The restrictions include a curfew from 8 pm to 6 am and the closure of sports halls, museums, theaters and hotels, with a few exceptions. Shops, cafés, restaurants will remain open to provide fast-food services. High schools and universities will shift to online education, while nurseries and elementary schools will remain open.
- Implementation mechanism: The attackers opened fire on the victims. According to the police, the attacker who was caught was armed with an automatic rifle, a pistol and a machete, which raises a question about the possibility of possessing and carrying a weapon inside the country.
In this context, Austria is a European Union country that regards weapons as a tool for self-defense. At the age of 18, Austrians can own certain types of rifles and semi-automatic rifles for sports and hunting. These weapons must be licensed within six weeks of purchase. However, automatic weapons are prohibited according to the minimum standards of the European Commission. Acquisition of arms increased in the wake of the refugees crisis.
- Targeting symbols: According to Oskar Deutsch, president of the Jewish Religious Community in Austria, although the synagogue was closed at the time of the attack, it is still an indirect threat to some sects. He also stated that the terrorist operation is similar to that of Paris in which one woman and two men were killed inside the Notre Dame church in Nice, and other attacks in Paris between 2015 and 2016.
- The perpetrators: Recent terrorist attacks in Europe have been carried out by young people, some of whom were influenced by extremist ideology, others were not. Most importantly, no terrorist organization claimed responsibility for these repeated attacks. Investigations found no clear evidence of the attackers’ association with any terrorist group.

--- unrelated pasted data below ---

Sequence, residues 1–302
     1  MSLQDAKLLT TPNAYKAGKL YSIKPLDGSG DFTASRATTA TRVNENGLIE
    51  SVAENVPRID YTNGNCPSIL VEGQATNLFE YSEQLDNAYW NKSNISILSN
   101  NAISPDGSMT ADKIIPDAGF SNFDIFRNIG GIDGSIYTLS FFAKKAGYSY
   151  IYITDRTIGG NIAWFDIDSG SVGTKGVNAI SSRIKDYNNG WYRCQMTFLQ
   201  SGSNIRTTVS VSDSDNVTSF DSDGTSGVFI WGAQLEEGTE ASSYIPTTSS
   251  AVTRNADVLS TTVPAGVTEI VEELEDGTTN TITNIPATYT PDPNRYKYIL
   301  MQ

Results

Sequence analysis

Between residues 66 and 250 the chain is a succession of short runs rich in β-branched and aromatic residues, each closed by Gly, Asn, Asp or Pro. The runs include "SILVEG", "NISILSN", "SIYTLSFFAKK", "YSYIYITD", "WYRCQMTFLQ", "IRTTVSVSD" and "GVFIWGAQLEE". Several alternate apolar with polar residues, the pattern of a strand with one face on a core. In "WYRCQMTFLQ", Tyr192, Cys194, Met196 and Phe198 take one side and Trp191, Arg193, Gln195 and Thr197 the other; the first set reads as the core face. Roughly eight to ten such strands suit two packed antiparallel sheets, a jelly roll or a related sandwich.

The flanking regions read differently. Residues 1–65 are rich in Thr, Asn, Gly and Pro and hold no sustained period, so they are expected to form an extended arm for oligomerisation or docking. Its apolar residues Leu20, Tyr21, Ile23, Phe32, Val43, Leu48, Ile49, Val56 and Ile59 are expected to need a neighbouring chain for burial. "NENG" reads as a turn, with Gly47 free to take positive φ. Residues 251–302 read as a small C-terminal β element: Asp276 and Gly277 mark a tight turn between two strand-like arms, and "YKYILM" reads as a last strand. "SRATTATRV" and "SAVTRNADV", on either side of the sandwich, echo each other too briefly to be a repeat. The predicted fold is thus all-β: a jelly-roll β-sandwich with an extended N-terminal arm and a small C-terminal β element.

- The pattern: Given the way the victims were targeted, the pattern is reminiscent of video games spread across social media platforms and that have contributed to the spread of violence. The attack resembles the incident in New Zealand, in which the attacker exploited the flexible policies in the country to carry out his attack.
In view of the repeated attacks in European capitals, it is clear that governments always deal with the consequences of the attacks without looking into their root causes, which complicates the situation even further. These roots are the growing motivations that fuel extremist ideologies and the exploitation by some international powers of anger and community divisions in Europe to promote their hostile ideas to inflame domestic situations.
The attack is a new episode in a series of attacks on European countries in the context of the debate over the relationship between Muslims and extremists. Some countries will adopt certain policies to confront “Islamist separatism and isolationism” which violate Western societies’ principles of free speech, religious repudiation, and commitment to secularism.
Therefore, these attacks are expected to be the beginning of a new wave of attacks in response to the hostile political rhetoric against radical Islam. In tandem, far-right and populist powers are adopting anti-European leaders’ policies, rejecting the way they handle recent conundrums that have become more complicated due to the coronavirus crisis. All these conditions will have their impact on refugees and migrants, especially in light of international lockdowns and precautionary security measures on the borders between European countries.